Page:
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Winter cycling – how to stay motivated

Written by Fiona December 03 2012

Cycling over the past few weeks has been a brutal experience. The pain has mostly been in my freezing hands, feet and face. This weekend, while cycling through snow-edged roads in and around Aviemore, I also suffered a freezing and numb bum. Added to this, I’ve found that:

Winter cycling

The “delights” of winter cycling

  • My brakes aren’t so keen to work in icy conditions
  • My pedal cleats have clogged up so badly with ice I’ve had to stop and gouge ice out with bits of broken tree.
  • I’ve come home covered in road salt and mud from helmet to cleats.
  • Drivers in winter seem to care even less than they do in summer about being courteous to cyclists.

So why do I keep on cycling?

Why don’t I hang up my bike and take to running all winter (like I have done in previous years) or stick it out on the indoor turbo trainer?

There are three main reasons for cycling for as long as I can this winter:

1)    Because Coach Vickster says so. I am being coached for the next 10 months by friend and awesome athlete Vicky. I have a goal of a major triathlon next year and so if my coach says it’s good for me to keep on cycling through the winter then I’ll do as she says.

2)    If I cycle all winter, even a Scottish summer will feel a lot more pleasant when it comes.

3)    Because I’m stubborn – and if I decide to do something I try to stick to the plan.

 My motivation to keep on cycling this winter.

Get a coach: The key to cycling all winter is Coach Vickster. A training plan is amazingly motivating and helps to focus your training like nothing else can. I have a goal and if I want to reach this goal I need to train hard. And if the coaching plan says I need to cycle outdoors then that’s what I will do. After all, I will only cheat myself if I fail to follow the plan.

Treat yourself: A new winter bike

Treat yourself: A new winter bike

Be flexible: While I do follow the plan as closely as I can, if the weather is really severe I plan to swap training days. So a cycle on a snowy day will be swapped with a run. I’ll then cycle when the snow and ice disappear.

Cycle later: Tradition has it among cyclists that you head out early on a Saturday or Sunday to cycle. This is fine in the summer but in winter it’s a better bet that there will be less ice on the roads if you set out at 11am instead of 8am. The advantage of this is that you get to have a lie-in, too!

Find a cycling buddy: I am more likely to cycle if I have arranged to meet someone. I don’t like to let people down so I try to organise my cycling outings with other people. Cycling is great for catching up on gossip, too!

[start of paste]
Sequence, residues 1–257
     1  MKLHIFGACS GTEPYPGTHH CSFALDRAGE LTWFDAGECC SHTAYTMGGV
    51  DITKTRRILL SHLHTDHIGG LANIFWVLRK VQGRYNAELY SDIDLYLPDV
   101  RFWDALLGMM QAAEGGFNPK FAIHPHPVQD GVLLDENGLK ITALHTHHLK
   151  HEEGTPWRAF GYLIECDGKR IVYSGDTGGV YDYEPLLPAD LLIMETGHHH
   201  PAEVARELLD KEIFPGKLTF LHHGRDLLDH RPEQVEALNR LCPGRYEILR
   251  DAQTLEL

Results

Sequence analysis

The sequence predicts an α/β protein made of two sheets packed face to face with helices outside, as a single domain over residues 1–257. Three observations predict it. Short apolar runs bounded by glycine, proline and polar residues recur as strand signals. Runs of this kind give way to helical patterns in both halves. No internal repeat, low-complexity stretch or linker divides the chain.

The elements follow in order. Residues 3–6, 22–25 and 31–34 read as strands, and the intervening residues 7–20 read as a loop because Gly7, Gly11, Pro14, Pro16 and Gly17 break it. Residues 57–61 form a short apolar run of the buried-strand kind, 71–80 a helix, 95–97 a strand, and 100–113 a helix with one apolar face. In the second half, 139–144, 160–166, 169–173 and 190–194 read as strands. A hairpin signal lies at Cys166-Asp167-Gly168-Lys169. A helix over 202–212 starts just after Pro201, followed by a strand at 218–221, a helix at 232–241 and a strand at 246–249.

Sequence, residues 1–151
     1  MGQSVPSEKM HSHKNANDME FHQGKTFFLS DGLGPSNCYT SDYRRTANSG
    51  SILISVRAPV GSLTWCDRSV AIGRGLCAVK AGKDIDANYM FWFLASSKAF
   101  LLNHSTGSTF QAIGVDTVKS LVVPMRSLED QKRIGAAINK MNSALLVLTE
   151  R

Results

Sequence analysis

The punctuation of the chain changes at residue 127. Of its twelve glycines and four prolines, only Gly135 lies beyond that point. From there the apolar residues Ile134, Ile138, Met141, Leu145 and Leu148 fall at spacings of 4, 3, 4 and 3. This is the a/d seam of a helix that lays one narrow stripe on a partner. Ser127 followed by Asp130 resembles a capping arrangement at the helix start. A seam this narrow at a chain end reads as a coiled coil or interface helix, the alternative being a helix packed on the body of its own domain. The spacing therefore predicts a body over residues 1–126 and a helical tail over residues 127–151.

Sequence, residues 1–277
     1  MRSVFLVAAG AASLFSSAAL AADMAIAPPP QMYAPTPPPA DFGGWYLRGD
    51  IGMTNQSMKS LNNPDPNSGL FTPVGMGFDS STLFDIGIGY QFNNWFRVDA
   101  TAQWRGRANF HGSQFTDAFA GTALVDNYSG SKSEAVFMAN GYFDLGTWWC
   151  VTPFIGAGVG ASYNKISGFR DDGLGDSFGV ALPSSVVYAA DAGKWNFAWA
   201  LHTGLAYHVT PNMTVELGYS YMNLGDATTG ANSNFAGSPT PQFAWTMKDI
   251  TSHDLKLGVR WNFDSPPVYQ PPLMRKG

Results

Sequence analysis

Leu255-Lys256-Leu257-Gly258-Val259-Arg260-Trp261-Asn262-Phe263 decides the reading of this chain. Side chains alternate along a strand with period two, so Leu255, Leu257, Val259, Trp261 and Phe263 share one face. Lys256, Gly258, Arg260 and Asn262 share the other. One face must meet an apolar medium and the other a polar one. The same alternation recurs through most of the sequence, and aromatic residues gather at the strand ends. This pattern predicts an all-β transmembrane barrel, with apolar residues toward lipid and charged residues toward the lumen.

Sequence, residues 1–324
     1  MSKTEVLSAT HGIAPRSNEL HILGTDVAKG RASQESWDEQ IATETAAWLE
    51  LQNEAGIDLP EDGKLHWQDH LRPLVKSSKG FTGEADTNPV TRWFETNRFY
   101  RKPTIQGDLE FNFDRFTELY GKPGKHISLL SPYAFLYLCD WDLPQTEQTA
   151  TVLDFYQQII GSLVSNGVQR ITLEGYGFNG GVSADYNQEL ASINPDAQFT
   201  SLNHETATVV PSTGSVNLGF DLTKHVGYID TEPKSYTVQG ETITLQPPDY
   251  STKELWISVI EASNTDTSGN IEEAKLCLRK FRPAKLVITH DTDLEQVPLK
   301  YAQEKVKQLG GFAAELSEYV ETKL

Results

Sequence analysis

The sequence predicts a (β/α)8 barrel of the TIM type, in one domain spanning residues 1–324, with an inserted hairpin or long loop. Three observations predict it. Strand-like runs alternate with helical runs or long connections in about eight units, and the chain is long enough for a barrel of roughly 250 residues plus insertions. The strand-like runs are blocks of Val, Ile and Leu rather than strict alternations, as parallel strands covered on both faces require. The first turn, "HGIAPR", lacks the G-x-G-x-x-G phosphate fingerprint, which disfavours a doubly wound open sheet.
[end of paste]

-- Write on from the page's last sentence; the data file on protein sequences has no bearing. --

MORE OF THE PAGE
Make turbo-ing your friend: As a rule, I hate turbo training. It’s boring and very sweaty. So, my solution is to turbo with a friend or two, turn up the music loudly and have a training programme to follow. Vicky’s turbo sessions are brilliant for focusing my mind and allow me to listen to loud and fast music at the same time. Again, if you arrange to turbo with a friend you are more likely to stick to the plan than if you try to persuade yourself to solo turbo.

Buy winter kit: Cycling in winter can be cold and very wet without the right clothing. Fix mudguards to your bike to protect yourself from as much of the wet as possible. Wear winter cycling tights, lots of base layers, a windproof and/or waterproof jacket, decent cycling gloves (watch this space as I’m about to test a pair of Gore-Tex cycle gloves), thick socks, waterproof cycling shoe covers, neck warmer and a beanie hat beneath your helmet. Use hand and feet warmers if necessary.

Fix lights to your bike: Winter days are dark so fit your bike with lights. This means that other roads users have the best chance of seeing you. Many cyclists use lights even in the daylight hours. And wear bright clothing with reflective detailing for extra safety.

Keep on smiling: It’s amazing how much better a bike ride feels if you smile! Look around at the stunning winter scenery. Congratulate yourself on being one of the few bonkers cyclists to be out when it’s oh-so-cold and snowy. Remind yourself that being outdoors in daylight in the winter is a great way to overcome SAD and traditional winter blues.

Treat yourself to a lovely winter bike: If you plan to hibernate your (best) “summer” bike over the winter, then treat yourself to a lovely winter bike. I have done just this! I have bought a gorgeous new Canyon bike that will serve as my winter training bike. It is quarter of the price of my summer bike yet it’s still a beautiful bike to ride and it has given me the incentive to get out on the winter roads over the past few weeks.

Do you have any other tips for winter cycling motivation?

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